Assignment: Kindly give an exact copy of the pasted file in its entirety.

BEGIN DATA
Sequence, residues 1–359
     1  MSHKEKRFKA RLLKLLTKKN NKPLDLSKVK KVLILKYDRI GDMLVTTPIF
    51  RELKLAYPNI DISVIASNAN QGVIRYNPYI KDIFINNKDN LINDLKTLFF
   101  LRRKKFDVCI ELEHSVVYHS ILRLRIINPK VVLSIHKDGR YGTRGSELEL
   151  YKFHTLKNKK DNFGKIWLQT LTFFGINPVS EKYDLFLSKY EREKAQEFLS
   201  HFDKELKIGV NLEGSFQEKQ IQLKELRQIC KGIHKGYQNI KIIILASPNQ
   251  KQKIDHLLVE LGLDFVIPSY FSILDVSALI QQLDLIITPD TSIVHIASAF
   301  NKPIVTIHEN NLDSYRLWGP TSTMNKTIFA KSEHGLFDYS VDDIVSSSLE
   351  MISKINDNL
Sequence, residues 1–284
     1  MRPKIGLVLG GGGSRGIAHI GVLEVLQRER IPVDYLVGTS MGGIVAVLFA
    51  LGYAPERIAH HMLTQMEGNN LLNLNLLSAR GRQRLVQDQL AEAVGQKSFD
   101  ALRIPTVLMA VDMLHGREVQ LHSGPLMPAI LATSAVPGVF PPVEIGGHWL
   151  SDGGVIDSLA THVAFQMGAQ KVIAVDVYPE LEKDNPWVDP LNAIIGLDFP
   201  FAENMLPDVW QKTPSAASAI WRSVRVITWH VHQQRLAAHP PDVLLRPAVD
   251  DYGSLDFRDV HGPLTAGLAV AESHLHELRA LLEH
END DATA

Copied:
Sequence, residues 1–359
     1  MSHKEKRFKA RLLKLLTKKN NKPLDLSKVK KVLILKYDRI GDMLVTTPIF
    51  RELKLAYPNI DISVIASNAN QGVIRYNPYI KDIFINNKDN LINDLKTLFF
   101  LRRKKFDVCI ELEHSVVYHS ILRLRIINPK VVLSIHKDGR YGTRGSELEL
   151  YKFHTLKNKK DNFGKIWLQT LTFFGINPVS EKYDLFLSKY EREKAQEFLS
   201  HFDKELKIGV NLEGSFQEKQ IQLKELRQIC KGIHKGYQNI KIIILASPNQ
   251  KQKIDHLLVE LGLDFVIPSY FSILDVSALI QQLDLIITPD TSIVHIASAF
   301  NKPIVTIHEN NLDSYRLWGP TSTMNKTIFA KSEHGLFDYS VDDIVSSSLE
   351  MISKINDNL
Sequence, residues 1–284
     1  MRPKIGLVLG GGGSRGIAHI GVLEVLQRER IPVDYLVGTS MGGIVAVLFA
    51  LGYAPERIAH HMLTQMEGNN LLNLNLLSAR GRQRLVQDQL AEAVGQKSFD
   101  ALRIPTVLMA VDMLHGREVQ LHSGPLMPAI LATSAVPGVF PPVEIGGHWL
   151  SDGGVIDSLA THVAFQMGAQ KVIAVDVYPE LEKDNPWVDP LNAIIGLDFP
   201  FAENMLPDVW QKTPSAASAI WRSVRVITWH VHQQRLAAHP PDVLLRPAVD
   251  DYGSLDFRDV HGPLTAGLAV AESHLHELRA LLEH